Cypress Point, Monterey Peninsula

Cypress Point, Monterey Peninsula

by | Aug 29, 2019

Cypress Point is the westernmost headland on the Monterey Peninsula, located 4.5 miles (7.3 km) southwest of Monterey and 3.5 miles (5.5 km) northwest of Carmel, California. The headland is owned by the Cypress Point Club, a private golf club and one of eight on the Monterey Peninsula. The golf course is well known for dramatic views of the Pacific Ocean.

The Monterey Peninsula is located on the central California coast and now includes the cities of Monterey, Carmel, Pacific Grove, and unincorporated areas of Monterey County including the resort and community of Pebble Beach. Monterey was founded in 1770 by missionary Junípero Serra and explorer Gaspar de Portolà. Portolà erected the Presidio of Monterey to defend the port against an expected Russian trading and settlement invasion. Monterey served as the capital of upper Las Californias and Alta California from 1777 to 1848, under the flags of Spain, independent Mexico, and the United States. The city was originally the only port of entry for taxable goods in California. All shipments into California by sea were required to go through the Custom House, the oldest government building in the state, and now a California’s Historic Landmark.

In the late 19th century the fishing industry became the area’s most profitable and important economic sector. Started mostly by Italian immigrants in Monterey and Chinese immigrants in Pacific Grove, the fishing industry flourished. In the 1930s canneries lined the northern shore of the Peninsula, but by the early 1940s, overfishing diminished catches to the point that many of the canneries closed. Conservation efforts eventually led to the creation of the Monterey Bay National Marine Sanctuary. Other protected areas now include Soquel Canyon State Marine Conservation Area, Portuguese Ledge State Marine Conservation Area, Pacific Grove Marine Gardens State Marine Conservation Area, Lovers Point State Marine Reserve, Edward F. Ricketts State Marine Conservation Area and Asilomar State Marine Reserve. Like underwater parks, these marine protected areas help conserve ocean wildlife and marine ecosystems. Read more here and here. Explore more of Cypress Point here:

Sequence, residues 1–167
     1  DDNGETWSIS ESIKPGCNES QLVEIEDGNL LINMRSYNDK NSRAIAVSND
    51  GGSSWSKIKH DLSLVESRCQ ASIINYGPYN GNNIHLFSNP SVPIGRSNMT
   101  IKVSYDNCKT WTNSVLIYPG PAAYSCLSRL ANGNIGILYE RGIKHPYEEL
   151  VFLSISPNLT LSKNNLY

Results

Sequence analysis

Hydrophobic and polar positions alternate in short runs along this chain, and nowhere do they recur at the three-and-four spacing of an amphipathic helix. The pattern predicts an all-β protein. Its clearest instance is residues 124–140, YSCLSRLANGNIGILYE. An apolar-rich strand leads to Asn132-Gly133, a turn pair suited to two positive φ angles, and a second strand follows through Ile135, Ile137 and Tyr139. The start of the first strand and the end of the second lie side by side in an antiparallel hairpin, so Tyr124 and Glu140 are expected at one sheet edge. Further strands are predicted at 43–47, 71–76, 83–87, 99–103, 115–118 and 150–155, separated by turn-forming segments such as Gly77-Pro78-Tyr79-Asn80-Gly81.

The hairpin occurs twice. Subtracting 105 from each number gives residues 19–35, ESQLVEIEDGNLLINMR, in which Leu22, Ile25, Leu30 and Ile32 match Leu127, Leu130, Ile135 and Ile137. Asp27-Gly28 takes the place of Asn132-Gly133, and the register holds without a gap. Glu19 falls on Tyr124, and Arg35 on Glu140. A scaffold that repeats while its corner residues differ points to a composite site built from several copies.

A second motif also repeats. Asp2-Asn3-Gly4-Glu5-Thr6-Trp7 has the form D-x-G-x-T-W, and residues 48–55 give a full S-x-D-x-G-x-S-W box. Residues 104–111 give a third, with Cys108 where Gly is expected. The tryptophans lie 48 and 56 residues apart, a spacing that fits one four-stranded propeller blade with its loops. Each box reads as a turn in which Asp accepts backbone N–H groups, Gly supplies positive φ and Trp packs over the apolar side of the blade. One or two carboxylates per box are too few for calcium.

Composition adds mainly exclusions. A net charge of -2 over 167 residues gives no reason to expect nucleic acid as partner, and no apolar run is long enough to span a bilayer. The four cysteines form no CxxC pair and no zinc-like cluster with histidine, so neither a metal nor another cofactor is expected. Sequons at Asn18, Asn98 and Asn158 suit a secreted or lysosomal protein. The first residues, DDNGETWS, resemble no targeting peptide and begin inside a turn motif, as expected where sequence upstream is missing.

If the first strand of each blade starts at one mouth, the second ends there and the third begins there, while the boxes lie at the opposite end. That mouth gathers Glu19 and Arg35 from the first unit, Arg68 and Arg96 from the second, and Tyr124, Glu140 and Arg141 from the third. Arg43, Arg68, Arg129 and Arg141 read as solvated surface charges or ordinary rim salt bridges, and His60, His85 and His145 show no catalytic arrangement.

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About the background graphic

This ‘warming stripe’ graphic is a visual representation of the change in global temperature from 1850 (top) to 2021 (bottom). Each stripe represents the average global temperature for one year. The average temperature from 1971-2000 is set as the boundary between blue and red. The color scale goes from -0.7°C to +0.7°C. The data are from the UK Met Office HadCRUT4.6 dataset. 

Credit: Professor Ed Hawkins (University of Reading). Click here for more information about the #warmingstripes.

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